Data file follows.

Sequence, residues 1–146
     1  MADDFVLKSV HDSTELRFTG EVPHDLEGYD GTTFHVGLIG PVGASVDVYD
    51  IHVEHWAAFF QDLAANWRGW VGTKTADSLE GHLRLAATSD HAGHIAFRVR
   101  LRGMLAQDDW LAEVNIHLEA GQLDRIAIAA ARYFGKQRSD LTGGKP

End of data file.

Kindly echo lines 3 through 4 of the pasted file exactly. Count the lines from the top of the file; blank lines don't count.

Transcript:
    51  IHVEHWAAFF QDLAANWRGW VGTKTADSLE GHLRLAATSD HAGHIAFRVR
   101  LRGMLAQDDW LAEVNIHLEA GQLDRIAIAA ARYFGKQRSD LTGGKP